Limavady lads John Cartwright and Ross Parkhill have come a long way since their attempts to introduce Stendhal Festival of Art to the town three years ago.
In 2008, it was cancelled after facing opposition from members of Limavady’s council who postponed the organisers’ application, partly because it would be taking place “on the Sabbath”.
Fast forward to 2011 and both 28-year-olds say they have learned from their mistakes and hope their hard work, determination and experience of the past three years will pay off on August 20th with an impressive line up of music artists.
“Stendhal just didn’t come off in 2008, it was very rushed,” says Ross Parkhill, taking in the warm breeze on the picture postcard laneway next to ‘Karma Valley’, the two massive fields which will stage the one day music and arts festival.
With a backdrop of the water from the river at the bottom of the main field, he says, “We were young boys with ambitious ideas and didn’t think it through, but we’ve had time to really think it through and come up with a truly innovative model for the whole industry.”
Stendhal takes place in Ballymully Cottage Farm outside the town. It’s John’s family farm. The lads say the Stendhal Festival of Art promises “plays, some afternoon jazz, after dinner comedy, maybe a literary debate, early evening folk, rock, indie and much more”.
“People will get something in Limavady they’ve never had before and that is the amalgamation of a lot of different aspects of the arts,” says John excitedly.
“We have lots of different genres of music from an orchestra to jazz, rock, folk, gypsy folk, all sorts. We have an art gallery to highlight local artists; dancers, craft fairs, poetry. It’s an amalgamation of the arts not seen in the one space before in Limavady or anywhere in the north west.”
This year, the lads hope to attract around 1,000 festival goers and are determined to make it as family friendly as possible, and guarantee something for everyone. People can camp out on the Friday night, says John.
“In 2008 people were saying it’s not the right place for it - well that’s definitely not the case. This is the right place for it. It’s a stunning venue and on the day it will be something so different you’ve never seen before,” he says.
The dynamic duo wants to use the home of Danny Boy and turn the festival into a beacon in the local economy.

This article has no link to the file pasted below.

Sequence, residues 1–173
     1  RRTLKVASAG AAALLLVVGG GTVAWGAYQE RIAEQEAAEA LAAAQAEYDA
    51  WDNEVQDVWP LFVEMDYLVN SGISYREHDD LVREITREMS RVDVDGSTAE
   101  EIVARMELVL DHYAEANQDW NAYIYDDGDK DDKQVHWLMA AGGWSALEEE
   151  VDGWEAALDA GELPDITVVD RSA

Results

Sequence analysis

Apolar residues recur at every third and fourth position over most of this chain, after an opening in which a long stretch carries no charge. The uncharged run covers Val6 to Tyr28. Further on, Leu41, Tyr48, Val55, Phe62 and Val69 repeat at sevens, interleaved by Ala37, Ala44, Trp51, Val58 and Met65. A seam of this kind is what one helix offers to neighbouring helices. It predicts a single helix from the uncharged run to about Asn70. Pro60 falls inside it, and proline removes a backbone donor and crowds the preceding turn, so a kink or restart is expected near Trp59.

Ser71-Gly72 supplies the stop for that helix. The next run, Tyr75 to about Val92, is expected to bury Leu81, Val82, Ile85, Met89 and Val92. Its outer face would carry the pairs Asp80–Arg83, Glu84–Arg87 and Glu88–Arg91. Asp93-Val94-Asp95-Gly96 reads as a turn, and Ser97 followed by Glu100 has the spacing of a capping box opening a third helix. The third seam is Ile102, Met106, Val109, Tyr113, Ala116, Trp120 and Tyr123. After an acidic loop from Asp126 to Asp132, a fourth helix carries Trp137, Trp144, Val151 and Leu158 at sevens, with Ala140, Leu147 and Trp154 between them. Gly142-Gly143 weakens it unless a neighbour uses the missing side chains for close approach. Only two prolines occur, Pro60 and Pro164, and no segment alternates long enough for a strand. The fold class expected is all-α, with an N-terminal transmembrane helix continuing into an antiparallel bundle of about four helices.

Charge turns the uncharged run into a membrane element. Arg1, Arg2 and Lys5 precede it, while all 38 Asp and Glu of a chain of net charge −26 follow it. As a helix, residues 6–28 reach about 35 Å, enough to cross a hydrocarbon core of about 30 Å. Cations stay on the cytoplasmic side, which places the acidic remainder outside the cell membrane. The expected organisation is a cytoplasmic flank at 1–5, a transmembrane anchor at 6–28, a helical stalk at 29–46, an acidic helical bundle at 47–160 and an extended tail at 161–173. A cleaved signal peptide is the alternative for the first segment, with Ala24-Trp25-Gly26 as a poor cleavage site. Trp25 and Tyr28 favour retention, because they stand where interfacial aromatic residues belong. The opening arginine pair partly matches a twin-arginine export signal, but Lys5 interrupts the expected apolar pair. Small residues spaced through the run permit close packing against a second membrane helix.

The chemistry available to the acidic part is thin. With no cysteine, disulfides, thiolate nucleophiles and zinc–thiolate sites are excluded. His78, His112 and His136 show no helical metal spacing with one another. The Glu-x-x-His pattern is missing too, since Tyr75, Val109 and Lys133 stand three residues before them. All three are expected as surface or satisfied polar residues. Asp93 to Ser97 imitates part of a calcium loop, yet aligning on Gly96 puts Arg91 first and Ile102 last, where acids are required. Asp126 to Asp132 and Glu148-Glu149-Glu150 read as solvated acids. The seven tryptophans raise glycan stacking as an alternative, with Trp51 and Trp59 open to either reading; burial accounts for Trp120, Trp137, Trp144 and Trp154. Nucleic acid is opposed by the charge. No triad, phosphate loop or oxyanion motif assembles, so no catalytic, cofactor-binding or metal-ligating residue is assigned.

“We believe so much in the project. In Limavady there are two times of the year when people go out en masse and that’s the Jazz and Blues Festival and Christmas. For a town the size of Limavady there needs to be more stuff to do. There really does. Plus that, with our locality close to Derry, Donegal, Coleraine, Portrush, there is no distance to drive here. We fully envisage people will come and spend money here. We’re both from Limavady and we love Limavady and want to see it do well.”
Ross believes the unemployment problems in Limavady and the surrounding area can be addressed “organically and sustainably without whimsical tax relief for manufacturers coming here for a few years until the tax relief runs out. This can grow and can potentially be a stalwart in the local economy and in two to five years potentially be a beacon in the local economy”.
The pair, both keen festivals goers, accept Stendhal will never be a Glastonbury.
“That’s something else,” says John, keen to stress they want to make Stendhal one of a kind.
“We want to bring all aspects of the art into one house. We want to bring people here, including those who may not be typical festival goers, and hopefully they will discover new things – not just the stuff they come to see - and in doing that broaden their horizons.”
Ross said even if the sunny spell of late doesn’t hang around for August 20th, people will be well covered and “come rain or shine they’ll have a great time”.
To sign up to the festival’s mailing list go to www.stendhalfestival.com where the full Festival line up of is detailed. You can also find out there how to get your hands on tickets.